From a Column Appearing on TheRecord.com:
Welcome to Rare Book School, summer camp for bibliophiles. Tucked in the basement of the cavernous main library at the University of Virginia, the school is an annual five-week homage to the printed page. Or is it an elegy?
Founded at New York’s Columbia University in 1983, Rare Book School relocated to Charlottesville in 1992 as a nonprofit affiliate of the University of Virginia and found a niche as a place for librarians and scholars to decode the story told by the book itself: the ink, the paper, the typeface, the binding, the illustrations, the subtle notations in the margins.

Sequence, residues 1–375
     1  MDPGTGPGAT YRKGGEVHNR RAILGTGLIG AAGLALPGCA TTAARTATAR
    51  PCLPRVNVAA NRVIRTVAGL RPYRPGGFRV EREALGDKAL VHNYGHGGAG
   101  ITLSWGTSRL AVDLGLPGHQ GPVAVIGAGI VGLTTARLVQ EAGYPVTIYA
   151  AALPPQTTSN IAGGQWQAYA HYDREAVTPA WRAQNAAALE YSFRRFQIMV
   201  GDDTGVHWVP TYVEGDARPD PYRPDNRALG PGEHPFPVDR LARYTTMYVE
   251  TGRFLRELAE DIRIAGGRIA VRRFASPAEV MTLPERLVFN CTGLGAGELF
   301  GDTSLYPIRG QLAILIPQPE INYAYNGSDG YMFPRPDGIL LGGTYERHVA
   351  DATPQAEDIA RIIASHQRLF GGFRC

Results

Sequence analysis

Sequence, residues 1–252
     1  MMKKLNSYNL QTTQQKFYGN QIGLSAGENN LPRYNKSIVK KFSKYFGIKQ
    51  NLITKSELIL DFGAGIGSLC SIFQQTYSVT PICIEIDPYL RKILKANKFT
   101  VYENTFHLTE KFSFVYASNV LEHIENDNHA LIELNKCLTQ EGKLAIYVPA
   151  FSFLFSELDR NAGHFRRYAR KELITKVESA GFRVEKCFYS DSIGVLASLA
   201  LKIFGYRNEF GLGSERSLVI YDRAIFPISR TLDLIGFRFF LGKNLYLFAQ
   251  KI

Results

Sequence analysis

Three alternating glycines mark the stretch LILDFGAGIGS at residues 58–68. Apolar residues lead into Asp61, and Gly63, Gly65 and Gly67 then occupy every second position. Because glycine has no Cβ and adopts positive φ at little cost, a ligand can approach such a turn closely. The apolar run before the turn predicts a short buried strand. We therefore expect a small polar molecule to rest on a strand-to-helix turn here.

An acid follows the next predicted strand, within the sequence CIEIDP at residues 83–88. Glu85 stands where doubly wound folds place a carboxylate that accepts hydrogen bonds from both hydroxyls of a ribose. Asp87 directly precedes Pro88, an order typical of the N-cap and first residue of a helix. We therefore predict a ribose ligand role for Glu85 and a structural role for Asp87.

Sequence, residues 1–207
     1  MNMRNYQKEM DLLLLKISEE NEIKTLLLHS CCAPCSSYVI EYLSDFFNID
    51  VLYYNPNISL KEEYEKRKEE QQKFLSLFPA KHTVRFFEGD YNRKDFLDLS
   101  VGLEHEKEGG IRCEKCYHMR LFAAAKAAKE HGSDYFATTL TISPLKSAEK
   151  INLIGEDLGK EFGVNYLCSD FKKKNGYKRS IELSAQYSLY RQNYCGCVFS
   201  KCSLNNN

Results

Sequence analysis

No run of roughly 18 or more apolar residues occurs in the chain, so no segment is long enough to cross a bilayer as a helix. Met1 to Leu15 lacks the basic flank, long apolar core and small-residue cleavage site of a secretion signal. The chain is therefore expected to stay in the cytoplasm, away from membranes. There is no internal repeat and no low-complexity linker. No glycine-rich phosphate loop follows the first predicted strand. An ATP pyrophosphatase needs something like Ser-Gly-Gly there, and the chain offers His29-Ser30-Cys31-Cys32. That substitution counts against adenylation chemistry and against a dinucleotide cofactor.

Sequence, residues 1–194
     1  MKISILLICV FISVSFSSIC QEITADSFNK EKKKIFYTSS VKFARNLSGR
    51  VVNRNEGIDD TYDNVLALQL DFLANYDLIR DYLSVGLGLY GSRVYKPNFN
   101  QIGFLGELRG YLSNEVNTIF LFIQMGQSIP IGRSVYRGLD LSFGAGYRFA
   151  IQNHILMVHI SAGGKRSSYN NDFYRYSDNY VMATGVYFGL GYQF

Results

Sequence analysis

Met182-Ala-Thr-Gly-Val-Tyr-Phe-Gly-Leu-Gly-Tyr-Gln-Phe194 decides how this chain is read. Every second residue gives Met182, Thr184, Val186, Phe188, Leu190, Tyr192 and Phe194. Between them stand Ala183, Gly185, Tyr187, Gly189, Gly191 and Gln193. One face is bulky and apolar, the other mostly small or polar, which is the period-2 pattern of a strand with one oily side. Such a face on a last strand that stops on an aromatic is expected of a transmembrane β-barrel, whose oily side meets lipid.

“You have to teach people how to read the object, not just how to read the book,” said Michael Suarez, a Jesuit priest and English literature scholar who left a post at Oxford to run the school two years ago.
Bookbinding and publishing lore once were the province of library schools. But they strayed from that mission over the decades, Suarez said, to follow the gradual migration of information from printed pages to electronic screens. Some have dropped the word “library” from their names.
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